Author Hooshang Heshmat was on hand for a book signing at the 2010 STLE Meeting.

Dr. Heshmat was the 2007 recipient of the Mayo D. Hersey Award, bestowed on an individual in recognition of distinguished and continuous contributions over a substantial period of time to the advancement of the science and engineering of tribology.

Check out Dr. Heshmat's wikipedia page.

Table of Contents

Historical Perspective

Prehistory to the Renaissance (5000 BC–1450 AD)

The Renaissance (1450–1600)

The Preindustrial and Industrial Eras (1600–1850)

The Scientific Era (1850–1925)

The Space Age (1945–Present)

The Rheology of Interface Layers

General Considerations

Newtonian Fluids

Viscoelastic Substances

Two-Phase Systems

Powder Films

The Phenomenology of Lubrication

Contradictions to Hydrodynamic Theory

Triboparticulates as Lubricants

General Observations

Direct Contact–Hydrodynamic Continuum

Dry Friction and Wear

Coatings and Dry Lubricants

Boundary Lubrication

Elastohydrodynamic Lubrication (EHL)

Continuum Aspects

Hydrodynamic–Solid Films Continuum

Hydrodynamic Films

Rheodynamic Lubricants

Triboparticulate Layers

Granular Flow Layers

Continuum Aspects

Experimental Performance of Powder Layers

The Morphology of Powders

Thermodynamic Properties

Rheological Characteristics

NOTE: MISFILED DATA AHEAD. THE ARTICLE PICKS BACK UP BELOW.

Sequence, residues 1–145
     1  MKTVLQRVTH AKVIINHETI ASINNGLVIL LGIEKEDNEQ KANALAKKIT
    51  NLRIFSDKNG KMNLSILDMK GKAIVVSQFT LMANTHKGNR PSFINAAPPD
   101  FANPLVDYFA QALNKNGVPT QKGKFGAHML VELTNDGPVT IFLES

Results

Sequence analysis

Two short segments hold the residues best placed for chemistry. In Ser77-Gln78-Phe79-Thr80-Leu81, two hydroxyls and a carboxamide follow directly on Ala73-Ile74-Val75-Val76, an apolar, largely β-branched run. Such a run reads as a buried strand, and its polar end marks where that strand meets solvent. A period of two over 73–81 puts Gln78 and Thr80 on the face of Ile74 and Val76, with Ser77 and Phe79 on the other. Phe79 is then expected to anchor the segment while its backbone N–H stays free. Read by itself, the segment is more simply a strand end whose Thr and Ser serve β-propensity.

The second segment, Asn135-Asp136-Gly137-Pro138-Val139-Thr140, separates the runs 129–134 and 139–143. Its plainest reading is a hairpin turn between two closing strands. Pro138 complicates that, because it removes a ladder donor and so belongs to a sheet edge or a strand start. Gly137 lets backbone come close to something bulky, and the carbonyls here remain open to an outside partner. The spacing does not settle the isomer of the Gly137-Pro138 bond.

Powder Flow and Velocity

Tribological Qualities of Powders

Powder-Lubricated Devices

Sliders

Journal Bearings

Dampers

Piston Rings

Theory of Powder Lubrication

Analysis

Slider Bearings

Crowned Sliders

Granular Films

Continuum Approach

Discrete Particles Approach

The Tribological Continuum

Historical Overview

Overlapping Tribological Regimes

The Tribological Continuum

Index

Author Bio(s)

Dr. Hooshang Heshmat is Lead-Founder and President/CEO & Technical Director of Mohawk Innovative Technology, Inc. (MiTi), an internationally renowned applied research and product development company dedicated to green technology. His company specializes in the design, integration and development of mechanical components such as advanced oil-free foil bearings, seals, and dampers, including powder, solid film coatings and dry and fluid film bearings into high-speed oil-free rotating machinery systems. Developed rotating machines employing his novel tribological devices include oil-free compressors, high-speed motors and generators, and gas turbine engines down to Mesoscopic sizes. He has developed special tribological testing methods and measurement techniques and has designed and fabricated the corresponding component test equipment. Dr. Heshmat has established MiTiHeart® one of the premier biotechnology companies in the Albany area based on their unique heart pump system, which uses magnetic levitation.